The Gdansk-Gdynia-Sopot Metropolitan Area was ranked highly in two reports published this month which examined statistics to try to give a picture of how well cities are looking after their inhabitants and the health and happiness of inhabitants of urban areas.
In the first the Polish magazine Wprost ranked Gdansk number 1 in Poland in a survey where they gathered data in a number of areas to give an overall ‘well-being’ of the city and its residents. The criteria used tried to measure the city authority’s friendliness in dealing with residents; its openness to business and its financial management. Examining data on 66 towns and cities, data used came from the Ministry of Finance, the Central Statistical Office (GUS) and surveys completed by the city authorities themselves. Wprost took into account the revenue and expenditure per capita of each city during the last two years with close attention paid to the amount of debt each city has. Wprost also looked at how successful each city was in applying for and managing funding from the EU and analyzed expenditure on transport, the environment and on culture. Unemployment and job creation was checked as was the number of new business entities created, building permits granted and zoning plans. The health, safety and social assets of the community were also considered with kindergarten places counted, lengths of cycle paths and share of green spaces as part of the overall living space in the city. The wide-ranging survey also assessed things like the number of hotspots in the city, the percentage of enquiries to the city authorities dealt with electronically education results. The criteria were grouped into three groups – finance, quality of life and openness for business with a maximum of 10 points available for each grouping.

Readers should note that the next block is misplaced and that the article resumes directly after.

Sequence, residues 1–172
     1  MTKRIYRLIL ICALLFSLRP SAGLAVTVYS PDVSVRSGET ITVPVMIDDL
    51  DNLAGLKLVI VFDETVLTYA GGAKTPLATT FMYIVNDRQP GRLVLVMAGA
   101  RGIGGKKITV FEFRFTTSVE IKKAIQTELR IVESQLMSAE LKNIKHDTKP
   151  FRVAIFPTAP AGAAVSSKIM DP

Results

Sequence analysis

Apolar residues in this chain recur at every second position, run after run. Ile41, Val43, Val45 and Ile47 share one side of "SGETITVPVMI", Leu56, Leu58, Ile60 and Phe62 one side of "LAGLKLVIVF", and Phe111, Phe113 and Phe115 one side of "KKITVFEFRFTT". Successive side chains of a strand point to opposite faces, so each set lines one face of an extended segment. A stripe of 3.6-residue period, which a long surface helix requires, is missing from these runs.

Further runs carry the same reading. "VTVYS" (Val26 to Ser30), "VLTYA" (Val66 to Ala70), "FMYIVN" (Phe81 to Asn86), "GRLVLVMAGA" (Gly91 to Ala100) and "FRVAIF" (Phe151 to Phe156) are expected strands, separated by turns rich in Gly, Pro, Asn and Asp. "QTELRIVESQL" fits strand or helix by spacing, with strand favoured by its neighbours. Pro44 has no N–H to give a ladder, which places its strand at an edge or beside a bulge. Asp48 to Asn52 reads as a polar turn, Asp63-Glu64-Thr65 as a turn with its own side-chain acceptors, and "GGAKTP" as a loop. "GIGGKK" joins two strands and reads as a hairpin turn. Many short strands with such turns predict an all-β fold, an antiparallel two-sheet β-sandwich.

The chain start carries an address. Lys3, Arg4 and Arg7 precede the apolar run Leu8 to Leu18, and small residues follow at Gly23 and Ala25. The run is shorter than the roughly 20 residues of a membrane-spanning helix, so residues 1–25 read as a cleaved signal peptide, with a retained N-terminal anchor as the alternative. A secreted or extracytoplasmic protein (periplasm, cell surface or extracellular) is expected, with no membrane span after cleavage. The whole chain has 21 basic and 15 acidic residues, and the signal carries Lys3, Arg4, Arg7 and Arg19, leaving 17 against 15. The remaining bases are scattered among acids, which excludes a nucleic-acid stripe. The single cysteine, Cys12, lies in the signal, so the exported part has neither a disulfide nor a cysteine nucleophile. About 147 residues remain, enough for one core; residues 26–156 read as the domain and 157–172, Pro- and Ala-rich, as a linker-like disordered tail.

Once everything was added up, the city of Gdansk (21.82 points) came out top ahead of Gliwice (21.34), Warsaw (21.33), Olsztyn (20.55) and Krakow (20.36). The city of Sopot also ranked highly for low unemployment and a high level of expenditure per capita on the environment.
Meanwhile in the Eurostat Urban Europe 2016 published by the EU Eurostat organization, the Gdansk-Gdynia-Sopot Metropolitan Area fared highly in a number of areas examined by the report. Criteria from immigration and integration, to concerns over housing, affordability and green space, were examined with the report containing a wealth of statistics on how residents of the EU’s biggest cities feel about where they live.
Every three years Eurostat surveys local perceptions of quality of life in 79 cities in the European Union, plus Iceland, Norway, Switzerland and Turkey. More than 40,000 people were interviewed by telephone in their mother tongue.
Take a look at some of the questions and answers in an interesting set of graphics here.